The executive branch includes the governor, lieutenant governor, attorney general. Auditor of stated, secretary of state, treasurer of state, state board of education, the governor’s cabinet , and boards and commissions whose members are appointed by governor. The judiciary branch of Ohio comprises of Supreme Court of Ohio and lower bench that all perform judicial functions. There are several services that the state government of Ohio provides it including educationThe main issue the government is trying to deal with is the drive to merge school districts in Ohio.
This was after Ohio’s administrative overhead cost of operating school in Ohio and handed it to Columbia 45 percent higher the national average. There was then need to evaluate and fix the problem with schools in Ohio. One of the suggested recommendations was to consolidate school districts. If there is push for consolidation Columbia could be seen as a necessary expense. After ten years of existing school districts in Ohio, poor education, financial infrastructures are the reality now. With 611 school districts in Ohio, consolidation into county districts would reduce the number to 88 what would then cut off 523 officers and save taxpayers half a billion each year.
School district consolidation implies that one doesn’t necessarily consolidate or close schools. Many schools like Columbus district consolidation are near capacity and can’t take any more students from a nearby closing school resulting them to remain open to Columbus residents. In consolidating district schools, it is clear that the state is going to put aside a substantial amount of funds by doing away with administrative staff.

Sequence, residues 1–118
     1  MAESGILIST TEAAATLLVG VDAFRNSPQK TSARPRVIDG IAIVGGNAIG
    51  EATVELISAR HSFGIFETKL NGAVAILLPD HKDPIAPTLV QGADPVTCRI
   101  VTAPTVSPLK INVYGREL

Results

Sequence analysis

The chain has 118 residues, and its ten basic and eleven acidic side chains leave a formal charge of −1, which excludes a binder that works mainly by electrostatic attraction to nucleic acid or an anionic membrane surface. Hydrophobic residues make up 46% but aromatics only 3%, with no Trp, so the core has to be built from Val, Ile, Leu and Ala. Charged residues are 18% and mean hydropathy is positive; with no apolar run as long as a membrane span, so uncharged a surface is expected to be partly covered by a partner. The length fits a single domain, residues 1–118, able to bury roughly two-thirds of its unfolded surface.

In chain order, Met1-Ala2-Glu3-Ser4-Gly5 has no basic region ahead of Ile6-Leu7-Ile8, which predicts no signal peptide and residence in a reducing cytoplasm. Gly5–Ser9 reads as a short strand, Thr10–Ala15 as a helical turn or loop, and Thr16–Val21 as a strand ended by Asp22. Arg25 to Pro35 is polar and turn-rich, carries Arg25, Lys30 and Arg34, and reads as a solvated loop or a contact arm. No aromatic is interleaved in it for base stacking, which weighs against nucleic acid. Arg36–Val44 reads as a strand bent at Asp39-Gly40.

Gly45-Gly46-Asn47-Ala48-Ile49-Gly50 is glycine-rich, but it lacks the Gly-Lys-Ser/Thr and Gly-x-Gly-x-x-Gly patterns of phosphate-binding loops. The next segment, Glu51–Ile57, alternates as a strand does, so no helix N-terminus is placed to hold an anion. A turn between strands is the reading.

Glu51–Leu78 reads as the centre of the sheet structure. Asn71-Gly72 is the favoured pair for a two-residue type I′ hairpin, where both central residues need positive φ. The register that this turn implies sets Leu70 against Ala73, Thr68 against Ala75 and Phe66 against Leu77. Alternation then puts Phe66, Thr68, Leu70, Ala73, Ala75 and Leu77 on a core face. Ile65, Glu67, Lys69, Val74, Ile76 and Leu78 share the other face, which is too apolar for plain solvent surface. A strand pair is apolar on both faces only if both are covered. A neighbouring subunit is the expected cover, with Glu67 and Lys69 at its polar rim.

This way the government outlines a setup to allow the state to move into districts and take them over. This would result to standardized education system and we would finally have the Columbus school district that would be administered resulting to one way of reducing the costs and eliminate layer of bureaucracy.
On thirtieth October.2010, republican candidate John Kasich some days after, four state education leaders pioneered the republican hopeful for wanting to eliminate some district. Kasich denied having said to leaders in education on September that if elected, he would pare down Ohio’s 613 public schools to about 400.what he talked of was sharing of resources. Kasich the congressman said his inclination was towards school consolidation as a way to reduce state spending which is a contradiction of what he had said earlier.
Consolidation has been discussed before but is usually put off by individuals worried of losing their districts and being forced to integrate with urban systems. The issue has now become a last-minute election item (john in Columbus, 2010). The democrats are attaching the republican leader Kasich through the consolidation issue which they are against and are for district consolidation which will have no much harm to the rural districts.
By Great Britain: parliament: (2010) House of Lords: Select comities on communication.Britain.
John in Columbus (30-10-2010). Retrieved on 02-03-2011 from http://topics.cleveland.com/tag/congress/index.html